Gerald P. Carmen, chief of the General Services Administration, yesterday labeled as a "nonstory" the fact that he has twice received deferrals in repaying a low-interest Small Business Administration loan, and insisted that his performance in Washington should be judged by how well the GSA operates.
"I was surprised such a nonstory became a story," he told reporters at a breakfast meeting. "You fellows could follow black limousines around town and get a better story."
Carmen spent much of the hour-long session maintaining that he has made substantial management improvements at GSA and complaining that the press makes it difficult to attract good people to Washington because it reports on private affairs of public officials.
Since he took over at GSA, he said, the agency has survived a 16 percent budget cut while improving its performance; has reduced the time it takes to complete a "leasing action" from 366 days to 220, and has trimmed its personnel roster by 6,000 people, "only 160 of them involuntarily."
He defended the transfers of 17 top mid-management officials to jobs out of town. "Any administration is entitled to have people in key slots to carry out the programs you campaigned on," he said at one point. Later, when asked if there was a political motive for some of the transfers, he said, "I'd like to refute the idea we did it for anything other than good management reasons . . . . If I'm managing a $6 billion business and make the decision somebody should be transferred, I think that's all there is to it."
He also proved that he had mastered Washington jargon: at the GSA, he said, "Curves are better, tracking is better, time frames are better."
Carmen's public affairs office has peddled stories on good management practices at GSA actively, emphasizing the strength of Carmen's leadership. But no matter how much Carmen wanted to talk about the GSA yesterday, reporters insisted on asking about his SBA loan.
Articles Tuesday in The Washington Post and The Baltimore Sun reported details of the deferrals Carmen has received on the $405,000 he owes the SBA for property in Manchester, N.H. That figure is the total principal and interest remaining on a 6.5 percent loan he received in January, 1975, SBA officials said.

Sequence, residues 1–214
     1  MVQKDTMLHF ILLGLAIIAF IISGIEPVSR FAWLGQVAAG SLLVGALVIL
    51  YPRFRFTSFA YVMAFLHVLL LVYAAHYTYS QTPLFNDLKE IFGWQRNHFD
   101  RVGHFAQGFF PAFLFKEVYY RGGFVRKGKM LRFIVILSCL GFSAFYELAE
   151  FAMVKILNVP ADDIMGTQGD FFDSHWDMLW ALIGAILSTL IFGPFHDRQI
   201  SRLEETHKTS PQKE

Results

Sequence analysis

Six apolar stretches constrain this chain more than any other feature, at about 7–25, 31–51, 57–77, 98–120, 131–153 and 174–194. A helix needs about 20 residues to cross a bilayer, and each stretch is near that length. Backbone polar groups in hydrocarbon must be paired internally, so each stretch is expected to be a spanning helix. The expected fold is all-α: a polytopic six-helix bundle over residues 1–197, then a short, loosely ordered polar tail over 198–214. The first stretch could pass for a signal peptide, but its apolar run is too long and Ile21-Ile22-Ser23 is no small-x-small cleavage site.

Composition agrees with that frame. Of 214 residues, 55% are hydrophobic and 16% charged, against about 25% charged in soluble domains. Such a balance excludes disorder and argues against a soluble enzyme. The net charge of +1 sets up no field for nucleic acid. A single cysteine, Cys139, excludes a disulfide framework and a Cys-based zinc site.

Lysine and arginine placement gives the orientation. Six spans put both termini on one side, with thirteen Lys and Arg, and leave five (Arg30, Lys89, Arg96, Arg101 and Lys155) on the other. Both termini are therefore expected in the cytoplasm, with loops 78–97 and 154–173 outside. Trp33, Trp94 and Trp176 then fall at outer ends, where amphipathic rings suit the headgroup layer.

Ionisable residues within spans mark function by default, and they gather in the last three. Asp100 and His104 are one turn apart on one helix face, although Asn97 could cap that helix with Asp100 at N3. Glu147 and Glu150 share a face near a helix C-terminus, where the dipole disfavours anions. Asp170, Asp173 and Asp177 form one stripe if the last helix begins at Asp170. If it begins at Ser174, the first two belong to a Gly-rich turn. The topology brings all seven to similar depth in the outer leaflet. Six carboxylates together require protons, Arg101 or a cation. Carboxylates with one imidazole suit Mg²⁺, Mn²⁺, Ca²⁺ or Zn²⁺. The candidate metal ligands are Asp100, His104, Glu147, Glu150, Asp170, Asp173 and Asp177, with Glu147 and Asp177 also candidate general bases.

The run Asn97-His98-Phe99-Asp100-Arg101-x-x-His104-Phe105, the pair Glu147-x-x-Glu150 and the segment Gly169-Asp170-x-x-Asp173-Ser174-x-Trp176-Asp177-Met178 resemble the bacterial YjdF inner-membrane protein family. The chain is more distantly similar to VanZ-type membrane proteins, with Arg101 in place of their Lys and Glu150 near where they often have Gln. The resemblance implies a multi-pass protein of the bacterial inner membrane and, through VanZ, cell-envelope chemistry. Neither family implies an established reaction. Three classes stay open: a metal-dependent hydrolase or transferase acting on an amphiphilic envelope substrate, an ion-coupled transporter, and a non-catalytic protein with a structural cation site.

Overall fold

The Sun also reported that Carmen has sold a second parcel of Manchester property for $177,000 to the local housing authority for a federally funded urban renewal project. He was chairman of that housing authority in 1970 and again in 1973, his last year as a member, and the sale was described yesterday by GSA spokesman Herbert Koster as a "taking, under eminent domain."
Carmen also said yesterday that he is considering selling the property on which he has received the loan payment deferrals. "Yes," he said. "I'll have more to say on that next week . . . in the near future."
John Moffitt, special assistant to the SBA's regional administrator in Boston, said that sale of the property was listed as the reason the second deferral was sought."Obviously if he is going to sell the property personally, it is far better for the government than if he was going to liquidate it," Moffitt said.
The most recent deferral, for six months, expires June 30. Carmen's next payment would be due July 24 unless a new deferral were approved, and no deferral has been sought, Moffitt said.
"I applied for deferrals because they were available to any citizen," Carmen said. He was asked if the loan deferrals did not contribute to an impression that the Reagan administration is of and for the rich.
"I am troubled by the system," he said. "The major thing that controls this government is the press . . . . We've got problems--the press, voters, others--we're going to have to figure out some way not to put our personal lives in the position we're in now . . . . "
When he came to town, he said, the GSA was "perceived as the worst in government. Test and see what kind of job I've done . . . . The things we're trying to do, the things we believe in, are right for this country. People voted for it."
Carmen was a top GOP organizer in New Hampshire during the Republican primary in 1980, and is credited with having provided significant help to President Reagan.